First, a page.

As for the Occupy USM assembly, we left the university as we had planned. We took to the rainy streets and marched a mile to meet up with the larger Occupy Maine assembly at Congress Square (a public square facing acquisition by the venture capital firm that owns an adjacent hotel). After arriving to the cheers and embraces of our friends, the discussion continued. Now joined by organized labor, high school students, and other usually disparate members of the community, we continued to affirm our place in the May Day tradition by speaking out against capital’s control over our lives and our time. The so-called “job security” of yesterday was affirmed to be long gone; all that remains today is rather the precarious, always-on-call existence of emotional and cognitive labor. Yet, we refused to seek an ideal return to the old Fordist schemas. Rather, we resolved to stand fast in the present, intending to face our lost freedoms—our lost time—head on.
After the rally, May Day continued on for the rest of the evening in carnivalesque spirits. We went on to interrupt business-as-usual for our local Bank of America to throw them party congratulating them as the “Worst Company in the World”; afterwards we celebrated over a workshop dinner focused on alternative, cooperative, forms of organizing the workplace; then we ended the evening dancing at a benefit for anti-Putin demonstrators Pussy Riot. The net effect was reinvigoration, renewal, and resurgence; we were reminded that yes we had in fact weathered the winter and that summer was only just arriving. Many of our friends are ready to demonstrate, to rally, and to occupy; though some still believe they do not have the time. We have learned much over the last few months though, and as we look to our friends fighting in New York, in Oakland, in Montreal, and all over the world, we see what is to be done.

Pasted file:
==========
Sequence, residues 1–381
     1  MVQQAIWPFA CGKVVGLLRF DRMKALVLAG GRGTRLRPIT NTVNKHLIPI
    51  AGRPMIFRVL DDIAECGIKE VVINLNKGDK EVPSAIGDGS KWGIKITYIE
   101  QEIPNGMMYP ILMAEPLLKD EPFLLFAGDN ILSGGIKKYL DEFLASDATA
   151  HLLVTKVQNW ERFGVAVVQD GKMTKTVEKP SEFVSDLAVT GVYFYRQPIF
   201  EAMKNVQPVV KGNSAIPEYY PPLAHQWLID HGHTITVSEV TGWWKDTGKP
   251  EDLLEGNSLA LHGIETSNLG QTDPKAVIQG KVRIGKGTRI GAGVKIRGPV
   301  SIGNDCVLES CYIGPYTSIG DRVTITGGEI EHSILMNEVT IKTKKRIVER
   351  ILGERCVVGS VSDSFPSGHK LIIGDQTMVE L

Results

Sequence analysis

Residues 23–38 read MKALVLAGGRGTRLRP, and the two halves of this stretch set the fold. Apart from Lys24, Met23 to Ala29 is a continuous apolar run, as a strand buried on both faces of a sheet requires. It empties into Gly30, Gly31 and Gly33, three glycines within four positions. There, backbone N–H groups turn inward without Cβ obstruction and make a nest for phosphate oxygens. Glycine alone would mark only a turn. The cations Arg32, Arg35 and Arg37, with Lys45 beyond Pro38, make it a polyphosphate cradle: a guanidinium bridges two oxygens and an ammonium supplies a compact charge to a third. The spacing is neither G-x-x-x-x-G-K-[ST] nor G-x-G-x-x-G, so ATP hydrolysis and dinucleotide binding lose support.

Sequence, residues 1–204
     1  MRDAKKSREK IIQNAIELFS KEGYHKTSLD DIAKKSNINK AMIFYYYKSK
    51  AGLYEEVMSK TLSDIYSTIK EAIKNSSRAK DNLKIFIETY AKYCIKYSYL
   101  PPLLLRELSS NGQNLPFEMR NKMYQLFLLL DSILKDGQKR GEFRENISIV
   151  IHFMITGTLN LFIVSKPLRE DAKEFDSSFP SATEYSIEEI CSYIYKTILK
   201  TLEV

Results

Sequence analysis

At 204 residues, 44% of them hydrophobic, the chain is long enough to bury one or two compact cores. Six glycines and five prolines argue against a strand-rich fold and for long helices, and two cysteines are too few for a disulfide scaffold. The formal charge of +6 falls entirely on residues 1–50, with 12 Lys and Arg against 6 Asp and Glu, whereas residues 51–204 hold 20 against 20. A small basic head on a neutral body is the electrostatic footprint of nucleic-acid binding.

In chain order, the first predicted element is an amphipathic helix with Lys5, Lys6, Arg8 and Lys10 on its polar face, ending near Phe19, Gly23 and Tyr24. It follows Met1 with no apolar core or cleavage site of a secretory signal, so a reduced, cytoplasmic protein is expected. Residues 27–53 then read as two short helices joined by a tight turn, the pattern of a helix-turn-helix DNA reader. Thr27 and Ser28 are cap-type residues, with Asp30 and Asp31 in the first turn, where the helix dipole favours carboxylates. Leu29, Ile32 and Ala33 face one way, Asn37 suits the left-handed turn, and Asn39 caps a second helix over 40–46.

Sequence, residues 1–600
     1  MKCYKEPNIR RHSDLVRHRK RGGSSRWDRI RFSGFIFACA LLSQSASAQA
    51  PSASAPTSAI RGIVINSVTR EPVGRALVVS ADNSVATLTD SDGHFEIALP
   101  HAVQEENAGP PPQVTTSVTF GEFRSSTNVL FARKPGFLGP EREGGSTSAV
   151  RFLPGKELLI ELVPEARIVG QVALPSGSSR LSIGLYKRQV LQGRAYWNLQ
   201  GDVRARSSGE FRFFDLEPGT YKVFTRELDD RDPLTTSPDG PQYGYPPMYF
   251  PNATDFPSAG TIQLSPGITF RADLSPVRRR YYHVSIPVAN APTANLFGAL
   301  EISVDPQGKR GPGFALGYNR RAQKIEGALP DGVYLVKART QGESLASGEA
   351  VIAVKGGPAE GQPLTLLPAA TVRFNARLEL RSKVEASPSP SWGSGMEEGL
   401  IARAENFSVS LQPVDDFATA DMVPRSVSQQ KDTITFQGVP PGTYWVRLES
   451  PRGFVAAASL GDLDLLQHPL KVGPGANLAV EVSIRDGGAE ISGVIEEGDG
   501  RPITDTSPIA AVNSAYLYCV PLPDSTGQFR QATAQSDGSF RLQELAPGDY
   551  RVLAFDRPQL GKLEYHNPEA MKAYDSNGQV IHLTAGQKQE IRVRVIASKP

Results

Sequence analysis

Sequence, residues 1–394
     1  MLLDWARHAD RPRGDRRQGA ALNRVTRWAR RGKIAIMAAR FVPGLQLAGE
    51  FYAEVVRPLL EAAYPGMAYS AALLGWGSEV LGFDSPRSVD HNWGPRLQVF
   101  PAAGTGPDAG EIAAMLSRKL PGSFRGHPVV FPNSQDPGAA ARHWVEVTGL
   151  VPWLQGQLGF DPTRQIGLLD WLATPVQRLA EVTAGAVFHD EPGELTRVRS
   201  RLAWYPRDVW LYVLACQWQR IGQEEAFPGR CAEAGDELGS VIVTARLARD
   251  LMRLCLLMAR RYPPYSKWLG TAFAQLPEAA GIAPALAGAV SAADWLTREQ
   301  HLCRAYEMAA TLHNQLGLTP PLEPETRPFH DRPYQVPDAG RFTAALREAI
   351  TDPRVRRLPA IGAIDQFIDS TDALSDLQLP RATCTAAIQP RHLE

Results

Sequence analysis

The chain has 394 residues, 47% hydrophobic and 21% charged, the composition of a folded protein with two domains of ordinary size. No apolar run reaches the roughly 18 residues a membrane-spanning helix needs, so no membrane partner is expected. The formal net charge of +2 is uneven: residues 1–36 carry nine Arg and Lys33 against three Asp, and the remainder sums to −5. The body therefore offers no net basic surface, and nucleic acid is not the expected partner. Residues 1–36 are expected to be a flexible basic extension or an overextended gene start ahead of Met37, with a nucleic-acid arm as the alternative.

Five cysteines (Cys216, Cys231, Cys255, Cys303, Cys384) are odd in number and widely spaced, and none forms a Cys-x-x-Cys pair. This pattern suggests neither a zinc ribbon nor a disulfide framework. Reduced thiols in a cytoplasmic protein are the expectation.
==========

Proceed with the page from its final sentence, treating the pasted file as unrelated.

In this struggle for life-time, we must continue to research and destroy the specific mechanisms of its control by semiocapital, and the corresponding metrics employed in recombination. Just as we face, at the university-level, a crushing imperative to measure—rates of graduates, classroom sizes, job placement, and of course debt incurred—everywhere we turn there are cost-benefit analyses, cybernetic accountings of inputs and outputs, heavy examinations of profits retained, and the ubiquitous stamps of a ratings agency. These are all gears in capital’s “apparatus of capture,” and they govern our time such that it furthers the process of accumulation. As such, these are also potential sites of resistance, and as the schema of wage labor continues to break down, we can see clearly how arbitrary such imposed measures are, particularly when they govern our time. In other words, the tripartite separation of life-time into work, sleep, and “what we will” no longer makes sense in a society structured along the compossibility of debt. It is tactically crucial that we remember that what we won on May Day was not the eight hours of work, but the eight hours of what we will. So as we look towards the summer, the fall, and all of the struggles to come, we may then rest assure in one thing: for what we will, our time has come.